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A tale of two ballerinas
The National Ballet of Canada’s Sonia Rodriguez and Bridgett Zehr are a study in contrasts, both on and off the stage. Their different styles and personalities will be on show in November in the world premiere of Canadian choreographer Aszure Barton’s new work. Rodriguez, who is entering her 10th year as a principal dancer, is a central character in Barton’s abstract exploration of relationships. Seasoned in affairs of the heart, the 36-year-old wife and mother brings an experienced perspective to the role, whereas the 24-year-old Zehr, who was promoted to principal earlier this year, plays an all-knowing ethereal creature who is somewhat removed from the drama of earthly affairs.
While the Toronto-born Rodriguez fondly remembers her debut as a principal dancer, she wouldn’t trade places with Zehr. “As I get older, I feel so much stronger as a dancer and so much more confident in who I am onstage. When you’re starting out, you’re trying to please everybody.” Zehr says that, like her character, she feels quite peaceful about her debut. “I’ve found a different kind of confidence,” she says. “I don’t have to prove myself with every step like I did when I was a first soloist. Now I can focus on the story I want to tell.”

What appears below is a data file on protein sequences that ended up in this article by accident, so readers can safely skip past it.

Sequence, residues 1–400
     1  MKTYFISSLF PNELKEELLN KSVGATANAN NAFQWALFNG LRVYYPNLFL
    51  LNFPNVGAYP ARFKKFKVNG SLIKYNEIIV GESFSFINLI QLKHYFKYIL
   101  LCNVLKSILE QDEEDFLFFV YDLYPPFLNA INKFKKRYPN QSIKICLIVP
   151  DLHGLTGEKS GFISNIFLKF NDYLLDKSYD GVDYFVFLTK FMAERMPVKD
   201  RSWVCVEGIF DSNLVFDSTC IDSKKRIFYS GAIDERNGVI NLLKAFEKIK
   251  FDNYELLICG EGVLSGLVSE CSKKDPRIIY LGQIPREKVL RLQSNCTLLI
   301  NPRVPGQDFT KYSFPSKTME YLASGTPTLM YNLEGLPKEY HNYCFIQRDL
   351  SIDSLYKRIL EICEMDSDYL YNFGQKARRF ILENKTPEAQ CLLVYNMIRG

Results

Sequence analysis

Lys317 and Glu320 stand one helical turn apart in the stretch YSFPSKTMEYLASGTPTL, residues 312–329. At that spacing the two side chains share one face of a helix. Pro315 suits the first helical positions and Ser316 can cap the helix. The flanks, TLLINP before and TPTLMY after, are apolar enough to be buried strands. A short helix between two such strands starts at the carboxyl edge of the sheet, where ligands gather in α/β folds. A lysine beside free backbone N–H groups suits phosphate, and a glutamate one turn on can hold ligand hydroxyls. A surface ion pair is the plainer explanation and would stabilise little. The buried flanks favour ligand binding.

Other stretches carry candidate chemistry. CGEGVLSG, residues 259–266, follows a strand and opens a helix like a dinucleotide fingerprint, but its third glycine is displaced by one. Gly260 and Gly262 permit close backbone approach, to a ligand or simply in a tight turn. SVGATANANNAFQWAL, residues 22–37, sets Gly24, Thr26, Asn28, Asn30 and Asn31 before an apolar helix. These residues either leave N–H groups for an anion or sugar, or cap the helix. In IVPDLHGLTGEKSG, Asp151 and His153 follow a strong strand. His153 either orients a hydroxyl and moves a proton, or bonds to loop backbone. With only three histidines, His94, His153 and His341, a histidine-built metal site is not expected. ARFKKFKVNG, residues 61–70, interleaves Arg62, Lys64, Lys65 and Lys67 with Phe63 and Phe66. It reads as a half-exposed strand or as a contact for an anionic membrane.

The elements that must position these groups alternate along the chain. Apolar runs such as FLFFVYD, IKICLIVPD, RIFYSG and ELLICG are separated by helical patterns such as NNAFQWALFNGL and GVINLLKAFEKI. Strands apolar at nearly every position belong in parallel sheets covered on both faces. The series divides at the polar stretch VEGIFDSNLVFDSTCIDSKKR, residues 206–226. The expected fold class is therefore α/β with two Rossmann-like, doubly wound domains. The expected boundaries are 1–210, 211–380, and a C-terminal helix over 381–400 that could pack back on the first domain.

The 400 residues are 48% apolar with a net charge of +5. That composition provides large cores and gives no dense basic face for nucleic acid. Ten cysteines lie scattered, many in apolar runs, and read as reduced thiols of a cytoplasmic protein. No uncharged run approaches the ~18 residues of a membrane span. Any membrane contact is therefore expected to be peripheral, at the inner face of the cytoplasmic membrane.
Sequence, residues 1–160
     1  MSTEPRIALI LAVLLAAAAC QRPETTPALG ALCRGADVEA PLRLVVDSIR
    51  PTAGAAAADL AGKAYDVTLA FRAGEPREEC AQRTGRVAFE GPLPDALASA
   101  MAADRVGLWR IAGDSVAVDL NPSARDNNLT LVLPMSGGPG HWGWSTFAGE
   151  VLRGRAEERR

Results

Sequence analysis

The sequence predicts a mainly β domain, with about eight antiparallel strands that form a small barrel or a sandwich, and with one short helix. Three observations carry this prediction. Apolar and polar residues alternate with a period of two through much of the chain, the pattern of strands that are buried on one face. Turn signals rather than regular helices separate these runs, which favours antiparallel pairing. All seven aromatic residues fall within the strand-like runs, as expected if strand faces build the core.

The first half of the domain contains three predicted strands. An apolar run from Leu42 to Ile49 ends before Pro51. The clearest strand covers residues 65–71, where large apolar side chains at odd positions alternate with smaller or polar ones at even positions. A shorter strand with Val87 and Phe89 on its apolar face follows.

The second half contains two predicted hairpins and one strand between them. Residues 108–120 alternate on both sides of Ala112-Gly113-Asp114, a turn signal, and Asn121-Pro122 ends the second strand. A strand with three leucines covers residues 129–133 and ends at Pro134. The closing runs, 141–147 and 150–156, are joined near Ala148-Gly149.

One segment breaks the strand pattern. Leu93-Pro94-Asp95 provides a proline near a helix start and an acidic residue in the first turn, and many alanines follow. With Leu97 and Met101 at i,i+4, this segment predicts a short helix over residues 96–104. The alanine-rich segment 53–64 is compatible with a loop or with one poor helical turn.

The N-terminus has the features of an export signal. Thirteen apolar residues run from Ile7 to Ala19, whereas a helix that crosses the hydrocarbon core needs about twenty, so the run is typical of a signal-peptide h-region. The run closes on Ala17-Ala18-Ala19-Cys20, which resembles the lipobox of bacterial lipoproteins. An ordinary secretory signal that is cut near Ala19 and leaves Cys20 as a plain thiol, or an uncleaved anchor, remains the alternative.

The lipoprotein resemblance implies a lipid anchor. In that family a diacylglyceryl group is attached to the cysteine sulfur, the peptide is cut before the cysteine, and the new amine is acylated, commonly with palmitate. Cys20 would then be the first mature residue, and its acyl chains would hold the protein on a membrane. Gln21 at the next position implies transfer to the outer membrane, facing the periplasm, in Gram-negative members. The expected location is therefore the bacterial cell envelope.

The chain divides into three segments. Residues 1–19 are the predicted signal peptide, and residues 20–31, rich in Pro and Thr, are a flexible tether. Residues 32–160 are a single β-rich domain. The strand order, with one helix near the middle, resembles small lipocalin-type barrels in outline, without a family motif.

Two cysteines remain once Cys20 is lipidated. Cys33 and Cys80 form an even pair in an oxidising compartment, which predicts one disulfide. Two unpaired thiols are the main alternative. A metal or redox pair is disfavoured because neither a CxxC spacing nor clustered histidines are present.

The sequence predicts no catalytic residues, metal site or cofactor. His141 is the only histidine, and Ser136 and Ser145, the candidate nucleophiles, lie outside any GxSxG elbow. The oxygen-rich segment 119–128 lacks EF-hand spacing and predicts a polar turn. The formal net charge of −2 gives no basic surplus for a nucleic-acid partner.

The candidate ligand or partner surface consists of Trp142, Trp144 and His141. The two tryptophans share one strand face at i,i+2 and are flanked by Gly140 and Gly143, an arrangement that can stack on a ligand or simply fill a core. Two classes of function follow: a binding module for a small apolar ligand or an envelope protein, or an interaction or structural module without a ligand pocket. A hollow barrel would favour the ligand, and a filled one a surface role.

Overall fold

Born to be a ballerina
Dating back to their early beginnings in dance, both women were drawn to the art form but for different reasons: For Rodriguez, it was the sense of freedom; for Zehr, it was the structure and discipline. “I saw Swan Lake, and I was mesmerized by the way the women seemed to float onstage,” recalls Rodriguez. “I was five, but I loved the sense of freedom it evoked.” To her disappointment, her first dance lessons seemed “contrived and restrictive.” “There wasn’t a moment when I fell in love with ballet; it was more of a slow transition, but by the time I was 12, I knew that this is what I wanted.” Zehr, who was raised in Sarasota, Fla., went to a ballet audition with her mother and ended up landing a seven-year scholarship with Sarasota Ballet’s Dance — the Next Generation program. “After my first year of lessons, I was obsessed,” says Zehr.
Both dancers have taken time off from dance but under different circumstances. Rodriguez (who is married to Kurt Browning) took a brief break after the birth of each of her two children, and Zehr spent a year recovering from a stress fracture in her foot. “There were moments when I didn’t think I would dance again,” recalls Zehr. “The time off wasn’t half as hard as trying to get back in shape!” Both dancers agree that the effort was worth it. “When you’re onstage and you know the audience is enjoying it and they’re with you, there’s no better feeling in the world,” says Zehr.